Jenny’s Fish Shop Review

By Lisa Haasbroek |

When it comes to pet shop games, there’s plenty of fish in the “casual game” sea. Jenny’s Fish Shop is a time management game about – you guessed it – a fish shop. And it’s not the kind that comes with chips…

Growing up by the sea, Jenny always dreamed about working in an aquarium. En route to achieving her dream, she’s purchased an old house by the water and started her own tiny fish shop. It’s tiny and run down, but she’s certain she has what it takes to grow her business and raise rare fish.

Before you start, you must pick either Sharky the fish or Taz the Turtle to be your pet companion. Each pet has it’s own special power up, and feeding your pet on request builds his power until you are granted a power up. Sharky will grant a sizeable growth bonus to all fish in your tanks, so they mature more quickly. Taz will greatly increase the vitality/patience of all fish waiting for tanks, plus give your machine a slight boost of speed (more on this later). Both are helpful in a pinch.

To play, you first select a fish, and place it in a tank. Different types of fish prefer different types of tank decorations, as shown in a bubble overhead. Select the appropriate decorations, and click on the machine to assemble them. Put the decorations in the tank, and wait for the fish to request it’s food.

Later, there are special vitamins which can be added along with the food, and these can increase the growth of your fish, or increase its overall value. As the game progresses, the fish develop a variety of other needs, including keeping their tanks clean, receiving medicine, and switching on the air jets or lights.

You get bonuses for certain combos, which includes using the machine several times in a row (an extra +20 each time), and a small bonus for being fast while meeting requests (+5). You also get rewarded for how many times you can put the same type of fish in a specific tank.

If you pick up something you don’t need, you can toss it in the recycle bin. To make things more challenging, fish also have vitality/patience levels, which are displayed by a rising waterline in the need bubble. If you fail to meet it’s needs in time, the fish will die, and you will lose a sale. Once a fish is completely matured (as displayed by the bar below it’s tank), it’s ready to be sold, and clicking on the money icon clears the tank. Different fish grow at different speeds, and have different sale prices.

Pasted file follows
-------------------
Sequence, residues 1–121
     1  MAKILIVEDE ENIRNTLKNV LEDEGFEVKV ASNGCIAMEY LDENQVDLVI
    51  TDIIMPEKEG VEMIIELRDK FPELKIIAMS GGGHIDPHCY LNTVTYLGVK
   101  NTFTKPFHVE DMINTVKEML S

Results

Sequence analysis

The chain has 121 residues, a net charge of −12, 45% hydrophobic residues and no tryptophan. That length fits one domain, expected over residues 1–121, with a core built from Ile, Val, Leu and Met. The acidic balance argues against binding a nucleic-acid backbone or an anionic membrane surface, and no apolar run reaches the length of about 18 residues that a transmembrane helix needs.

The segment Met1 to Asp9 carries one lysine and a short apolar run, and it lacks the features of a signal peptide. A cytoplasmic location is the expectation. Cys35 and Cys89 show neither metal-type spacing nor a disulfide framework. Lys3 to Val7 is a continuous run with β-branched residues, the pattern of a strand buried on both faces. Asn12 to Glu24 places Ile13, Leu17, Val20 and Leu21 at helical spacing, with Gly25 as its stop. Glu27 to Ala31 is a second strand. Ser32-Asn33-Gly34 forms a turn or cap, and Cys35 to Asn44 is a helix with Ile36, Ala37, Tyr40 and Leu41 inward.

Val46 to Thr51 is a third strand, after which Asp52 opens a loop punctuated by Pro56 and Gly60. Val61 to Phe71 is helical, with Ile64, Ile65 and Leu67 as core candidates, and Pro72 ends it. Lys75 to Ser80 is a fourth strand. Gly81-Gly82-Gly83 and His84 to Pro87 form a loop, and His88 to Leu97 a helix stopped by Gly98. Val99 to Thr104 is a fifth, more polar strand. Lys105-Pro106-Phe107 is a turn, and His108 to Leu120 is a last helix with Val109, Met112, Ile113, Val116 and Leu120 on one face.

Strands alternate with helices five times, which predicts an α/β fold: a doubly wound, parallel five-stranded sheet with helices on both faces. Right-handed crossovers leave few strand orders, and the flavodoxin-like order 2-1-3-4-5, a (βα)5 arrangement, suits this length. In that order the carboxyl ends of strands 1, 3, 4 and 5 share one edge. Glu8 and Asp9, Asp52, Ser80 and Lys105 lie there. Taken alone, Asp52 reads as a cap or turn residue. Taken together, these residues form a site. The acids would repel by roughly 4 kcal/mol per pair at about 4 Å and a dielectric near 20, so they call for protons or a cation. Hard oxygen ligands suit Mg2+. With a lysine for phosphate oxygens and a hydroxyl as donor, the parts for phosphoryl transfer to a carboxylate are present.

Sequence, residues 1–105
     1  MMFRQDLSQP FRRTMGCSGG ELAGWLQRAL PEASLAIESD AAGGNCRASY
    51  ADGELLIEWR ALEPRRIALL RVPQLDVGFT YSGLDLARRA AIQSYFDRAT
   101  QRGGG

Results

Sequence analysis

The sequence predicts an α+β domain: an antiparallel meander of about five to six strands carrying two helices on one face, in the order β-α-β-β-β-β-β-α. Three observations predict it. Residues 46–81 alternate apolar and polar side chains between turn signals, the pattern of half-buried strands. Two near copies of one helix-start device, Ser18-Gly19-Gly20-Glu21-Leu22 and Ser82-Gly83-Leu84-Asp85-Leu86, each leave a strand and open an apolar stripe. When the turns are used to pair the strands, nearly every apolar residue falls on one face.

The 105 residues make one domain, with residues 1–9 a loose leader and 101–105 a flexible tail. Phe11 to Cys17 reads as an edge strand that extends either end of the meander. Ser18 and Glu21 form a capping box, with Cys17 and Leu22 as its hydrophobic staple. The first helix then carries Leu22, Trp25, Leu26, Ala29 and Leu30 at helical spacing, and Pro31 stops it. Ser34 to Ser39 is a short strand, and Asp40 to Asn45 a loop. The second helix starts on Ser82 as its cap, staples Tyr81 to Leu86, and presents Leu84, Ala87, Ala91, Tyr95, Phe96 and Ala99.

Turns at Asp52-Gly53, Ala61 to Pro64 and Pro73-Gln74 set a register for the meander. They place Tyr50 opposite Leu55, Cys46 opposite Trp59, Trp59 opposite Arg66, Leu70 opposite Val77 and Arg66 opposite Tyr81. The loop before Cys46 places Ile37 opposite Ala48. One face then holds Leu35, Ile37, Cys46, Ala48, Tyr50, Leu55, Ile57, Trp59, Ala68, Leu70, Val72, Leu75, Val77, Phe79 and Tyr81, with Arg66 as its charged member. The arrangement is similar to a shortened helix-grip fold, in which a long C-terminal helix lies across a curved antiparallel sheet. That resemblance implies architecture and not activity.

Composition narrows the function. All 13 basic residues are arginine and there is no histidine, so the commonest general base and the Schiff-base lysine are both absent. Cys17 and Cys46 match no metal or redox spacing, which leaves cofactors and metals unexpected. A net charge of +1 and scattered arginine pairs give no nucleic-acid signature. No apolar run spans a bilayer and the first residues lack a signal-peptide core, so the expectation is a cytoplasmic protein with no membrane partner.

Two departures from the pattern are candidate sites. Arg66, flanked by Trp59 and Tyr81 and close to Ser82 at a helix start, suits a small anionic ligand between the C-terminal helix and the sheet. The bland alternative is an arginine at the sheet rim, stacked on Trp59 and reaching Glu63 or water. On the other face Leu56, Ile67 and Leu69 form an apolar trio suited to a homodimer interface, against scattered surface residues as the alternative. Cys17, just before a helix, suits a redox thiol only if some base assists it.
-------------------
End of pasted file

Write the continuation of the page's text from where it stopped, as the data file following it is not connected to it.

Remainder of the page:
In between each level, you’ll have the opportunity to purchase upgrades. These include better tanks which make your fish more valuable, faster machines, a computer to receive email fish requests, sneakers to make Jenny move faster, and tank upgrades for your pet which boosts his power up ability. In the beginning, you won’t be able to afford much, but this changes as the game progresses. Jenny also gets her own unplanned upgrades, like new décor, or an extra tank on level three.

Every few levels, you’ll encounter the minigame. There’s a flock of seagulls attacking tiny newly-hatched turtles, and Jenny must fend them off by flicking away the birds and nudging the turtles to walk faster. If you succeed and the turtles make it to the water safely, she’ll be in a good mood, and will walk faster during the next level. You’ll also receive a cash reward for the turtles you saved. There’s no penalty if you’re unsuccessful, so give it your best shot.

The graphics are really animated and cute, and the music fits in nicely with the game’s atmosphere. If you can stick it out for the first ten levels or so, the pacing picks up, and it’s suitably fast and busy.

Perhaps the most damaging feature in the game has to do with the machine. Once you’ve selected a decoration item, like a plant or rock, you cannot select it again for several seconds. This means major slow downs if you’ve selected the wrong item, or if you have two fishes that want the same décor. In the beginning, this completely stalls the pace of the game, making things unnaturally slow, which is very unfortunate since the game picks up nicely once you’ve purchased a variety of upgrades that increase the speed. Also, combos are strictly related to the tanks and machine, so you don’t get bonuses for chaining actions like feeding and cleaning.

If you’re patient enough to muddle through the first 10 levels, and you buy the right speed upgrades, Jenny’s Fish Shop can be an enjoyable time management game with a fishy flare. If, however, you want a game which offers fast pace game play from the beginning, you might want to cast your line elsewhere.

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